Government postpones controversial health data grab

UNISON welcomes commitment to properly inform and engage with patients

UNISON has welcomed the government’s decision to postpone its planned data grab of all medical histories held by English GPs.

The controversial plan had already been delayed from July to September, after widespread criticism from GPs, civil society organisations, trade unions and others.

Then, in July, came the backdown, and the decision to “pause” the collection of data in order to provide more time to engage with GPs, patients, health charities and others.

In a letter to GPs, Jo Churchill, the under-secretary of state for health and social care, wrote: “While we are continuing to work on the infrastructure, and communication for the project, we are not setting a specific start date for the collection of data.”

She gave the commitment that NHS Digital would not upload data until it has the following in place:

  • the ability to delete data if patients choose to opt-out of sharing their GP data with NHS Digital, even if this is after their data has been uploaded;
  • the backlog of opt-outs has been fully cleared;
  • a trusted research environment has been developed and implemented in NHS Digital;
  • patients have been made more aware of the scheme through a campaign of engagement and communication.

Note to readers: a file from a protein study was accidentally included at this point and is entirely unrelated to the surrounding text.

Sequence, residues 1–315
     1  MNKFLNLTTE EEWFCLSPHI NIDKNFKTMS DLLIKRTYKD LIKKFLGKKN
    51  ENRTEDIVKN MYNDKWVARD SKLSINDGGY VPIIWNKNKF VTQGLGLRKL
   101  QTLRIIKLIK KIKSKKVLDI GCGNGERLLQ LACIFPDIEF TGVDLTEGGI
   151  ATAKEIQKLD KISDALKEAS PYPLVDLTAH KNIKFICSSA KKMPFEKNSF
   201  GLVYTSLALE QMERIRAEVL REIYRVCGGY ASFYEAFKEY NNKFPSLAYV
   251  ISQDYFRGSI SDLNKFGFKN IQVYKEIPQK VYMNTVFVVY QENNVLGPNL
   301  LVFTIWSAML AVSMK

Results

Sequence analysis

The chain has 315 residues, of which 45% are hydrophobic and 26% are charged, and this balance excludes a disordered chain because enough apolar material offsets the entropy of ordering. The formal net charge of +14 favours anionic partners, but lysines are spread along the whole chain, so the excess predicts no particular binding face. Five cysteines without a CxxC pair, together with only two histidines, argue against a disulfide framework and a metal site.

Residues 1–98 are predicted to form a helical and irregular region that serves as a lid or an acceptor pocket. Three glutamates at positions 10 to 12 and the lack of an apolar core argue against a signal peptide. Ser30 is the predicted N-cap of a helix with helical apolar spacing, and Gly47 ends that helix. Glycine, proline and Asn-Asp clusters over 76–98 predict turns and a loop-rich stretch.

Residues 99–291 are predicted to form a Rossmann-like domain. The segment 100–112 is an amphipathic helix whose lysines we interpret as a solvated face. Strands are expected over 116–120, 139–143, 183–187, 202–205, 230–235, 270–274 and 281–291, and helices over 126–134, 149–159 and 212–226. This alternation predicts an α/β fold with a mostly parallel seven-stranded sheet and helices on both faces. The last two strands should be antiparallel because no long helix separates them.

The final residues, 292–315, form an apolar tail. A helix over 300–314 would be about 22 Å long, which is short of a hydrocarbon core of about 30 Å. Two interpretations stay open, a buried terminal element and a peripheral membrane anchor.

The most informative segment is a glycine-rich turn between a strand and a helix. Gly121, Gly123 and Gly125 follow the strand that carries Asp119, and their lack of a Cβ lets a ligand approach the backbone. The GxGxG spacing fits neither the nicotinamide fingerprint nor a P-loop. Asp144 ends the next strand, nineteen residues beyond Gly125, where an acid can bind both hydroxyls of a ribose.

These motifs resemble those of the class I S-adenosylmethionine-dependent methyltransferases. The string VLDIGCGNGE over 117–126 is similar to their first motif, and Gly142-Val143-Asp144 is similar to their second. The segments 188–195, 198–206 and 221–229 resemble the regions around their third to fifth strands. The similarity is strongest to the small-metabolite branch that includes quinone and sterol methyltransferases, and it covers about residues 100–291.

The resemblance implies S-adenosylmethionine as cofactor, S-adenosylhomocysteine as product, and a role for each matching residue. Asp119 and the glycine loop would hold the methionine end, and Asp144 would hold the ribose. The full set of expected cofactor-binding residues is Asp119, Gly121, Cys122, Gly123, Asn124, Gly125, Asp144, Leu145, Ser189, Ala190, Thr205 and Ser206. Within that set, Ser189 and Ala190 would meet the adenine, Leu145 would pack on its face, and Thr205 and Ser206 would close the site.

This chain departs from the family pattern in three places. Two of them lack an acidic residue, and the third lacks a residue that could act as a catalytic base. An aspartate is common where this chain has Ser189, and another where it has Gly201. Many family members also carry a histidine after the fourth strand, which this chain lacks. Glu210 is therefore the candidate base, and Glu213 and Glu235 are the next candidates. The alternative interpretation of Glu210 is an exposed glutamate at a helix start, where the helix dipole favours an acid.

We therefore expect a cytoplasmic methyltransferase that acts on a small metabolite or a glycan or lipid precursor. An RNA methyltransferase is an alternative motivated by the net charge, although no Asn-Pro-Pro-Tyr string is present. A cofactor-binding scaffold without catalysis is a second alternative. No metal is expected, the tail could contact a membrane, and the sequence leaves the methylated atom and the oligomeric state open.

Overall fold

UNISON had campaigned against the data upload as proposed, concerned that alongside the ethical use of such information for research purposes, it would also be sold onto third party ’market insight’ companies and ‘information intermediaries’ that service pharmaceutical, health insurance and tech companies.

Currently, the NHS makes about £10 million a year from selling access to patients’ hospital data, which feeds a market worth an estimated £10 billion a year.

While seeking government guarantees on the future, ethical use of health data, the union encouraged its members – as patients – to use available tools to  keep their own data in GP hands only.

Following the backdown, UNISON policy officer Allison Roche said: “UNISON welcomes this common-sense and inclusive approach, but this should have been the approach right from the start – and central to all NHS data and AI developments.

“Trust, consent and transparency must be at the heart of the health and social care digital transformation.”